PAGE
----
This artist just became the first Native American to win the Caldecott Medal for children's book illustration

The Caldecott Medal is a prestigious award given to the artist of the best children's picture story. By Simret Aklilu, CNN

(CNN) -- Michaela Goade just etched her name into the history books.

This week she became the first Native American to win the Randolph Caldecott Medal for her illustrations in the children's book "We Are Water Protectors," according to the American Library Association. The Caldecott Medal is a prestigious award given annually to the artist of the most distinguished American picture book for children.

"It's a great honor to be the first Indigenous artist to win this award, but I am of course standing on many shoulders," Goade, a member of the Tlingit and Haida Indian Tribes of Alaska, said in a statement to CNN. "I think it's important to acknowledge and reflect on the significance of being the first in 2021, while also looking towards the future with much hope. I won't be the last! It brings me so much joy to think about Indigenous youth who will see themselves in this recognition and know that their stories are powerful and value."

"We Are Water Protectors" was written by Carole Lindstrom, a member of the Turtle Mountain Band of Ojibwe. The story follows a young Native American girl as she takes a stand against a black snake threatening to poison her people's water, according to the book's description.

The snake, which is shaped like a pipe in the book, represents the Dakota Access Pipeline -- a controversial crude oil project that spans 1,172 miles and extends over four states -- and is a reference to the Black Snake Prophecy, according to Goade.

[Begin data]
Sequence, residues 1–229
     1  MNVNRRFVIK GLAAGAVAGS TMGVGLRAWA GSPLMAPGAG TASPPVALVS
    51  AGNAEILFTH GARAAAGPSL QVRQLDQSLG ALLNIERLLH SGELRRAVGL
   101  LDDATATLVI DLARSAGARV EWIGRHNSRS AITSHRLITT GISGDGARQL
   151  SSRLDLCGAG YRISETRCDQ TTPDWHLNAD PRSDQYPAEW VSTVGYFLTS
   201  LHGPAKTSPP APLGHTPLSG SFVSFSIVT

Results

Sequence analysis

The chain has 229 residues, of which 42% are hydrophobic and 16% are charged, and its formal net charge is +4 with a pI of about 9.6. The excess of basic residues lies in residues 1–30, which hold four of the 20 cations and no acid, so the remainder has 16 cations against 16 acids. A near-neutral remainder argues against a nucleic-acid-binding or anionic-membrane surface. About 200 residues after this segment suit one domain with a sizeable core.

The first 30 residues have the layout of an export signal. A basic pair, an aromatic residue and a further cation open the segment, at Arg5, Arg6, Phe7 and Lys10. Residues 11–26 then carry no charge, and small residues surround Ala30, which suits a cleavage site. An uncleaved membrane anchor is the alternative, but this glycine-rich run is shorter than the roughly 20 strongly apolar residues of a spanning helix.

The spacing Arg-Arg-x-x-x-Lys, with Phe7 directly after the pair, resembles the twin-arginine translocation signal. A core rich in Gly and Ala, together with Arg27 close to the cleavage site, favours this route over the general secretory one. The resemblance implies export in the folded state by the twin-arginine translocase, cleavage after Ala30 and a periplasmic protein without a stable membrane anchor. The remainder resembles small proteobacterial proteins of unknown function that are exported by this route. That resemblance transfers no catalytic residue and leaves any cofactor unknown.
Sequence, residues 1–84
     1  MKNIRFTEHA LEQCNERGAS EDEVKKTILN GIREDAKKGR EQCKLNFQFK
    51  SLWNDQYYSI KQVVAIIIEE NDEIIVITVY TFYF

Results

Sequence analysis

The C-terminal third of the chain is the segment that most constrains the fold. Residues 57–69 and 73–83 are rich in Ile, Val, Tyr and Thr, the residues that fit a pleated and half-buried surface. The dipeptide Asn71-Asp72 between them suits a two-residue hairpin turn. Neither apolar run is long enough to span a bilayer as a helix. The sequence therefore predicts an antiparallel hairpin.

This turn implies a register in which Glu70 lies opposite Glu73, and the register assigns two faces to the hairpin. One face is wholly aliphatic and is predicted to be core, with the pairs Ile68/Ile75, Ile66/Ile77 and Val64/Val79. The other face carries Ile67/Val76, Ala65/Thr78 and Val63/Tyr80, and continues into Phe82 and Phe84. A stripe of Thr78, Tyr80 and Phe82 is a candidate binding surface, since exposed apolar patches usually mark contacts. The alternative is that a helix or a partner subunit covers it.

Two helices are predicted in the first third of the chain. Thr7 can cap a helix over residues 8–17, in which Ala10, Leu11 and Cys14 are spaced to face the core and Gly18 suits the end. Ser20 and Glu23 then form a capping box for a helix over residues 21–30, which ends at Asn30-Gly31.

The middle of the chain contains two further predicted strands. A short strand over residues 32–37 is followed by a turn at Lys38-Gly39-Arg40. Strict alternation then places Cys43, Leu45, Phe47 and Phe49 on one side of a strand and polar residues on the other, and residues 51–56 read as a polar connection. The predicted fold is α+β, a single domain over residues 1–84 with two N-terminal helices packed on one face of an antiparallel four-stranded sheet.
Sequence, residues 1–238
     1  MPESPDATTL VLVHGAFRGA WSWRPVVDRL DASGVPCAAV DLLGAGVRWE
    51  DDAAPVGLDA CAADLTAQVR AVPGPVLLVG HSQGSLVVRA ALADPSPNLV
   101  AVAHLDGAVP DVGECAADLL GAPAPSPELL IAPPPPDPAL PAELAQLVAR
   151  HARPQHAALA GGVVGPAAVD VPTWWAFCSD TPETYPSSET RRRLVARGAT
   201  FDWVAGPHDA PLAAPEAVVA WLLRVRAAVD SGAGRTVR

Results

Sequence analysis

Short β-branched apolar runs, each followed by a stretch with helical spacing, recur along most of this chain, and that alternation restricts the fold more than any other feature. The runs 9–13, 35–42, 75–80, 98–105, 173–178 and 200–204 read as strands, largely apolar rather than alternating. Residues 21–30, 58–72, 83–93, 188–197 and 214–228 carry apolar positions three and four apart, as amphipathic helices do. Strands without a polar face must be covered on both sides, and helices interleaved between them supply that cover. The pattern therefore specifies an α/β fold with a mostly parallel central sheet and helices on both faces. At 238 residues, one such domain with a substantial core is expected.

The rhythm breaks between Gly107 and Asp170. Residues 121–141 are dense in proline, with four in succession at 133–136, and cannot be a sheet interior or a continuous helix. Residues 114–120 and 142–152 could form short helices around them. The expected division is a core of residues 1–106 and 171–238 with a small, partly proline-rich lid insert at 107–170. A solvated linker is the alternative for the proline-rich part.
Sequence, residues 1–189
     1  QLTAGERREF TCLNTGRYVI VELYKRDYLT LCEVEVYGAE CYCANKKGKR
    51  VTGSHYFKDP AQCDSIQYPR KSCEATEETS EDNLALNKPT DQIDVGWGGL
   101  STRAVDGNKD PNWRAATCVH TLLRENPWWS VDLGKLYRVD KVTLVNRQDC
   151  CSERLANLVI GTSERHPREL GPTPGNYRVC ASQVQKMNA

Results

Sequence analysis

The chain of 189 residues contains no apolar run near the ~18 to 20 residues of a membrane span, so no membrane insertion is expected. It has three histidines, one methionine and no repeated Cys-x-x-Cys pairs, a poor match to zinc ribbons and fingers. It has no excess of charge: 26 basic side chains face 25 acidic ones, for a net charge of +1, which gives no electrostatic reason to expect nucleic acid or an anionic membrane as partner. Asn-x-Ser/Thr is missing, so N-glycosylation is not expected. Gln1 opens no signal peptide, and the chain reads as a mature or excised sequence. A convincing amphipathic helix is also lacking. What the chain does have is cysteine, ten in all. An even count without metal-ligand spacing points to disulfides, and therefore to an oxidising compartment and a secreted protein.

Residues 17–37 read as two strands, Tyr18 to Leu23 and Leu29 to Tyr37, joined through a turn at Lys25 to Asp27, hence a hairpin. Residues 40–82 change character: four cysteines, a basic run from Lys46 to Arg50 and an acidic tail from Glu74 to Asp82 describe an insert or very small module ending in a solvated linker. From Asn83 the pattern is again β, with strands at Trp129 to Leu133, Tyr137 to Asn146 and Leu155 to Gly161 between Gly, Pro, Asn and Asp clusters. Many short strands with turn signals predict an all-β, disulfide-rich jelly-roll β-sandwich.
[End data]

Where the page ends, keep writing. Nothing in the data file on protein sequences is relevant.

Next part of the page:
The book draws its inspiration from the Standing Rock Sioux Tribe's struggle to stop the construction of the pipeline. In 2016, the tribe filed a complaint in federal court alleging "the construction and operation of the pipeline ... threatens the Tribe's environmental and economic well-being, and would damage and destroy sites of great historic, religious, and cultural significance to the Tribe."

"I wanted to make the Standing Rock water protectors proud while also speaking to everyone, particularly children," explained Goade. "As I learned more about this historic gathering of over 500 Native Nations and non-Native allies from around the world, I was so moved and inspired. This book helped me better understand the work I can do and the world I can help change as an artist activist. For that I'll always be grateful."

The American Library Association announced the award Monday.

"Michaela Goade's semi-translucent color palette beautifully bathes every page with powerful illustrations," said Annisha Jeffries, Caldecott Medal committee chair.

Lindstrom also congratulated Goade, writing on Twitter, "I have no words to describe how proud of you I am. I love you so so much. You are so extremely talented and just an amazing person inside and out. CONGRATULATIONS!!!! So very well deserved. I wish I could hug you in person!"

"We Are Water Protectors" was published in March 2020 by Roaring Brook Press.

The-CNN-Wire™ & © 2018 Cable News Network, Inc., a Time Warner Company. All rights reserved.

Share this article: